Last weekend, my two boys asked if I wanted to see the movie Star Wars. It was a lazy Saturday and a movie at home sounded great. But, the cinematic choice was questionable.
“Ah, I’m not sure,” I said, thinking about Queen Amidala’s powder-white face and shuddering.” Don’t really feel in the mood for that. And we probably wouldn’t all agree on the same one, anyway.” My oldest, who knows I love Star Wars looked at me funny. “Not the newer ones, Mom. Not the Jar-Jar Binks / Count Dooku ones but the Han Solo/ Luke Skywalker ones.”
“Hold up,” I said, stopping in my tracks, “You mean, like Episode 4? The true, old-school, original, holy grail of all movies?”
He smiled. “Yeah, of course. The best one of all.”
My firstborn had reeled me in. And worst of all? He knew it. What had I taught him? As a woman, mom, and wife, I clearly knew what I was doing in the manipulation category. Big time. So, how had he figured it out? And how was I totally agreeing to it?
“Sure, give me a second and I’ll join you.”
I grabbed my Chewbacca slippers, slid onto the sofa, and we began the best movie of all time. I realize Star Wars isn’t like The Ten Commandments, or Gone with the Wind. It isn’t even the same caliber as The Lord of the Rings. But, Star Wars was my life as a kid. I’ve probably seen it well over (huge emphasis on the well) a hundred times and this would be just one more amazing viewing. I settled deep into the sofa, sipped a coffee, and snuck random glances at my sons and their euphoric faces (perhaps a slight exaggeration) watch a movie that was nearly as old as me. It had been years since I’d watched it and this time, a few things caught my attention.
Sure, I noticed Luke whine about Tosche station to pick up power converters and observed Leia glower at General Tarkan. But I really noticed that Han Solo – the most sardonic, self-centered yet caring man (yes, deep down in his bounty hunter heart) –was the man. Like, THE MAN, man. I love Han Solo. And here’s why.
As with a lot of stories, you’ve got the main protagonist, with a couple or three awesome sidekicks. For example, you’ve got Luke, and t hen sidekicks Leia, and Han. In Harry Potter, you’ve got Harry, and Ron, and Hermione. With Twilight, you’ve got Bella, and Edward, and Jacob. And there’s The Lord of The Rings with Frodo, sidekick Sam and well … a couple of other hobbits.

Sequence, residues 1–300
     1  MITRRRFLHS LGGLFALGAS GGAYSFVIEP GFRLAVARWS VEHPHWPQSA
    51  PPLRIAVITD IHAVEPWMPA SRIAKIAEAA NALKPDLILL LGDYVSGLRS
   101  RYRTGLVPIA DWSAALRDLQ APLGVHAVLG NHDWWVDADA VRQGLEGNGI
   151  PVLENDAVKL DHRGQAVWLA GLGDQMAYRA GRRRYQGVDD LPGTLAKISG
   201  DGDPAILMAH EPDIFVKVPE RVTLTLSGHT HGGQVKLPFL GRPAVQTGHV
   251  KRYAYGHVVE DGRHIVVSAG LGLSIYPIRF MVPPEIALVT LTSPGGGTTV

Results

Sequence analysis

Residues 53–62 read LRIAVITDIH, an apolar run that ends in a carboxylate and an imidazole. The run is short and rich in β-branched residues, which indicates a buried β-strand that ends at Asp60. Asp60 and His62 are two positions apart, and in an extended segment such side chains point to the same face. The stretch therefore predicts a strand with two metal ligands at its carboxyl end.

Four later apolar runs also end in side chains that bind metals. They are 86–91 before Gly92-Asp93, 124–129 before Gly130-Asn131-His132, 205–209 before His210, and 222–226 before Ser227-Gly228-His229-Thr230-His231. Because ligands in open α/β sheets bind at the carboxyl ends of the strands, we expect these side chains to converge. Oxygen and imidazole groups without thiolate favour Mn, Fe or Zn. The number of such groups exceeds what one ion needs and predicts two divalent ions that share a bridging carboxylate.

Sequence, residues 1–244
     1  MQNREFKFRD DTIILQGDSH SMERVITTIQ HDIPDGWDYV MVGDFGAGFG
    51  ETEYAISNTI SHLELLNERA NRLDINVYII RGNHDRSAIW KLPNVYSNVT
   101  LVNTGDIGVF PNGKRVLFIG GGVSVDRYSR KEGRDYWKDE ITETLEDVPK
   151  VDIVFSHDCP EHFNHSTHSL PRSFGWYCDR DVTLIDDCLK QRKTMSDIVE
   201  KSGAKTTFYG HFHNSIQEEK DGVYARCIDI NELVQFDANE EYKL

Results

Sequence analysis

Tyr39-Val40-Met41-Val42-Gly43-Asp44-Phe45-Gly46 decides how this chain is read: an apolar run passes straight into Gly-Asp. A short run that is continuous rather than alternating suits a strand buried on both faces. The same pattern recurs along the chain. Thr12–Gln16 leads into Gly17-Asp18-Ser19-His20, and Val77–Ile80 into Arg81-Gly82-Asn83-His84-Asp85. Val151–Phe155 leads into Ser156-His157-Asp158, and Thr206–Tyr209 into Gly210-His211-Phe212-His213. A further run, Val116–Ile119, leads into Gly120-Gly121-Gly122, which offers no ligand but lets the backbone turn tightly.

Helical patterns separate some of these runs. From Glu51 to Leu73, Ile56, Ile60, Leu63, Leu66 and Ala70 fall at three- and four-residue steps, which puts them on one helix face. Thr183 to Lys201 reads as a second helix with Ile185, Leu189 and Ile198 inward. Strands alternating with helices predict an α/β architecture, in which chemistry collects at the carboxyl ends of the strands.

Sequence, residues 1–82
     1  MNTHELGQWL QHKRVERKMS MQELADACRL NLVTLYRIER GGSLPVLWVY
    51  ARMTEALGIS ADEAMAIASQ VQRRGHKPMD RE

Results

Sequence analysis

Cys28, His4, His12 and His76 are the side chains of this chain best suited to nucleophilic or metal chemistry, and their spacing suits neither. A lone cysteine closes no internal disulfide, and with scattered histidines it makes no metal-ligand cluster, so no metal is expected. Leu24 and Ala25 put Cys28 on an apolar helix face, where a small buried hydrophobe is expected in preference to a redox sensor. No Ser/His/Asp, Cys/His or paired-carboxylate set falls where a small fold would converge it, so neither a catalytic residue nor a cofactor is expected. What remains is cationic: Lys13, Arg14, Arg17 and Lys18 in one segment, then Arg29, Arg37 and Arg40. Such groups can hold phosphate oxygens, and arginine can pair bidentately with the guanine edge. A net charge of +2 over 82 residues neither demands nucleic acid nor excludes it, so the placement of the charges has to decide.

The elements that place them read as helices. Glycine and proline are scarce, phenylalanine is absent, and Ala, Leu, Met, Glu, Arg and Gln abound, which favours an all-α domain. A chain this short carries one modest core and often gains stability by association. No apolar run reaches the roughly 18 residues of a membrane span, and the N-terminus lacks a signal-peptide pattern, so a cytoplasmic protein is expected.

The reason? We need comedic humor to break up the seriousness of it all. We need someone whom isn’t tackling saving the world, but helping someone tackling saving the world – with a huge dose of snark on the side. We need their charm and crazy antics. We need the Rons, the Sams and the Jacobs. (I’ll always need the Jacobs, but that is another story entirely).
Look, we need Han Solo because he is funny. I mean, we’ve got Luke. Luke represents the wistful, yearning child in all of us. Ready to get out and accomplish something! To get off the rock, stop dusting crops, and be somebody. We’ve got Leia. She’s a princess, headstrong, and beyond annoying. But, we’ve got to have someone who frustrates enough us to propel the story along. Frustration creates tension. Tension creates a conflict. And conflict creates a perfect story, as long as it’s resolved in the end. Which it is. Han actually begins to like Leia. And Han? Well, Han was like the man I was going to marry. I realize Han is on the bad boy side. Bad boys aren’t the types my parents wanted me to hang with. And Han is sarcastic … times a thousand.
But, that’s why I love him. Besides, Han really is a softie underneath his tough guy facade. I mean, one of his best pals is a walking carpet. (Total proof.) And he’s handsome. Handsome helps. So as I marveled at his attractive sneer, I realized that I liked Han. And I really liked what Han had to say. Like, every time. To the point that I wondered, what would happen if I chose to reason like Han? In essence, what would Han Solo say? And when it came to talking to my boys, would this work?
If I could use a little bit of his attitude when confronted with a tough situation, maybe I would laugh more. Life is far too serious as it is. I need to laugh more. If I randomly deferred to What Would Han Solo Say? (WWHSS) at times –use his tone, his wit, his charm –and roll it all into something that works to cope with life, then this was for me. I decided to try one out.
Me: Eat your broccoli, kid.
Kid: I don’t want to. Yuck.
Me: Then I guess you don’t want ice cream for dessert?
Kid: But I do!
Me: Well, that’s the real trick, isn’t it? (Han Solo line!)
Kid: (Broccoli- down the hatch)
It sounds harsh. But for boys, talking close to the level of a drill sergeant, without actually yelling, works wonders. Directness … with a touch of sarcasm. i.e. Han Solo.
Here’s another one: Boys are watching the TV. I walk into room.
Me: Just finished washing and drying clothes. I put them all on your beds, so please put them away.
Me: Well, don’t all thank me at once. (Boom! Another Han Solo line)
Kids: What? Oh. Okay. Thanks mom!
I got a thank you. My sarcasm worked. Barely. But it worked!
Using Han Solo-isms is like speaking my sons’ language. God knew with my love for Star Wars that I needed boys. And clearly, nothing in life goes to waste. Ever. Not even watching Star Wars a zillion times.
Next time you’re feeling a bit feisty, and your son(s) needs a retort that exceeds the level of a mild-mannered Obi-Wan Kenobi, think What would Han Solo say? Make sure to keep the loyalty and soft side of him in your words too, and you’ve really got something going for you.
Now, if we could just use the Force along with our Han Solo-isms, we’d be set.